Is Fast Food as Addictive as Tobacco?

Two new studies indicate that food manufacturers are using the same marketing strategies as the tobacco industry once did to get consumers hooked on unhealthy products.

Is the obesity crisis the result of a lack of personal responsibility? Or have the world’s major food producers and processing companies deliberately formulated and marketed products that can create a literal addiction among certain people?

No one knows – but two new studies have added fuel to this fiery controversy.

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In an eyebrow-raising article in the latest issue of The Milbank Quarterly, anti-fast-food activist and psychology professor Kelly Brownell of Yale University and professor Kenneth Warner, Dean of the University of Michigan School of Public Health, report on their exhaustive comparison of tobacco and food industry marketing practices over the years.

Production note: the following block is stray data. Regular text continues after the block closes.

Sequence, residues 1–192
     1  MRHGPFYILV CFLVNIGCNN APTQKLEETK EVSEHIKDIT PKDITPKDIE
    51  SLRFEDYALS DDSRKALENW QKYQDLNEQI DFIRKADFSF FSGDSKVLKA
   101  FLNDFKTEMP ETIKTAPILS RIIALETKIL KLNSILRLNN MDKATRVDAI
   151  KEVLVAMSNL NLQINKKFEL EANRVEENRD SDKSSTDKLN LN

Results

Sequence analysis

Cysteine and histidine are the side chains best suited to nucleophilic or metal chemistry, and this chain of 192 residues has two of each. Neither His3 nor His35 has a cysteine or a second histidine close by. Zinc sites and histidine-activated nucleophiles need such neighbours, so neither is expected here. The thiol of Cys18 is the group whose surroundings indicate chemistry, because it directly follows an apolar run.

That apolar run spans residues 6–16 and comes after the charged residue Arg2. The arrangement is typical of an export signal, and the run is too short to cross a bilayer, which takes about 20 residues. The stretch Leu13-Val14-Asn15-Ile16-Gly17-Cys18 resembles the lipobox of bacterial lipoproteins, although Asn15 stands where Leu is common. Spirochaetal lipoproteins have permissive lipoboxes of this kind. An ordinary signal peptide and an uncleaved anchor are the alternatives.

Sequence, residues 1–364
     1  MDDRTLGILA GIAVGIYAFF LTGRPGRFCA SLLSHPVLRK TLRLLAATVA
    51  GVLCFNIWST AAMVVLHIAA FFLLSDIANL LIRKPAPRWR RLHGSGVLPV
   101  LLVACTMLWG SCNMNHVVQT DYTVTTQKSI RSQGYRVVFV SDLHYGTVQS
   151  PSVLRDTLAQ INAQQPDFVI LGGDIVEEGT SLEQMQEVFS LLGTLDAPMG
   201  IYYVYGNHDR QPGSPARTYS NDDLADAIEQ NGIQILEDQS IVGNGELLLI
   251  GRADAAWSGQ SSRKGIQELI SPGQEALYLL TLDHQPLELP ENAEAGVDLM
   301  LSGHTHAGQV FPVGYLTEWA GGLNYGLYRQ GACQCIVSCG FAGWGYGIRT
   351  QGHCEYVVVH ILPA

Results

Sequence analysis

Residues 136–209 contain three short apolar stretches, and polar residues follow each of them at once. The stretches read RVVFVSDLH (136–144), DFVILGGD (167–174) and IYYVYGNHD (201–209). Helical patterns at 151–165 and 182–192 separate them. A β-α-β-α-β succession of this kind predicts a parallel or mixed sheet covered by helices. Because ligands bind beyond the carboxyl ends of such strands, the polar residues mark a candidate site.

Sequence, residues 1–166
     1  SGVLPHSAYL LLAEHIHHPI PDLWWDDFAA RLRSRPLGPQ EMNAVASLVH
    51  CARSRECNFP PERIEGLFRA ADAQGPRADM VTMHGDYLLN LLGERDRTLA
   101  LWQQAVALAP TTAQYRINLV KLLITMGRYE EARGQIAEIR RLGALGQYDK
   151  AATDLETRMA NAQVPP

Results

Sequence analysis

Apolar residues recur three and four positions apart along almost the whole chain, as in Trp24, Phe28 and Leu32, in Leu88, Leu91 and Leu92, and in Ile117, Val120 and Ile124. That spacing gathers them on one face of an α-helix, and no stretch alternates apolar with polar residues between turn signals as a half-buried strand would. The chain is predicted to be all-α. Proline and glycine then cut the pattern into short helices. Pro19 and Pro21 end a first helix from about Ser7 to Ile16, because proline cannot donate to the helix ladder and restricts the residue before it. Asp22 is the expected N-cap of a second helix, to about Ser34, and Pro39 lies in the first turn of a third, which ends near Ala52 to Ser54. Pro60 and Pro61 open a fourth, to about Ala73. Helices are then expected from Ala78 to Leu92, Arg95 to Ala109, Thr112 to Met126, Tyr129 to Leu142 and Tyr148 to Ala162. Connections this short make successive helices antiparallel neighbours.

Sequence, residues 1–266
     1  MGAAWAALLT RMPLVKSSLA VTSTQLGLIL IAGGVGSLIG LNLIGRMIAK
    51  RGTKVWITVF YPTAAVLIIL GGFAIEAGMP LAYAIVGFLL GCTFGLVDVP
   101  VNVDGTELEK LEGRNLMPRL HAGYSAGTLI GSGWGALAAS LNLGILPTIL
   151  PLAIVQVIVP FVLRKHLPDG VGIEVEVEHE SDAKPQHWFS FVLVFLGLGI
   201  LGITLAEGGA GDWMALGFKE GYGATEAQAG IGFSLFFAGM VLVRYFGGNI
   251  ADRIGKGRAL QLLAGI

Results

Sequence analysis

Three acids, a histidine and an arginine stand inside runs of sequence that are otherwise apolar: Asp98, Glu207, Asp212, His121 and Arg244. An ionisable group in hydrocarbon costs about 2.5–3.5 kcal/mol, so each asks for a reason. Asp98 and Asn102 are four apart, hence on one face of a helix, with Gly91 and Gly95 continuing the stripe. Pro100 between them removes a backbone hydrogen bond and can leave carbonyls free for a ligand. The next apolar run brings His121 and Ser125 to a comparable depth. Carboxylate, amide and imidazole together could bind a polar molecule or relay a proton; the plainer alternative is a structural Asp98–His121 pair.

They note that the food industry and the tobacco industry have used almost identical strategies, including manipulating public opinion, falsifying or slanting scientific data, and denying the addictive nature of their products in their marketing efforts over the decades.

They also zero in on the food industry’s focus on selling to children, pointing out the similarities between Joe Camel pushing smokes to kids and Cap’n Crunch pushing sugary breakfast cereal to kids. Finally, they assert that the food industry deliberately makes their products tasty, cheap, and ubiquitous in order to make them impossible to avoid – or resist.

Is junk food physically addictive? Can a child become “cuckoo for Cocoa Puffs” in the same way that people are “hooked” on nicotine? Brownell and Warner don’t say so in plain English, but they do claim that the food industry’s attempts to play up the “healthy” aspects of their products bear a marked similarity to the tobacco industry’s efforts to promote “light” smokes.

Unless inmates at the state pen start using Ding Dongs as currency, however, it’s unlikely that most obesity experts are going to equate tobacco addiction with overeating.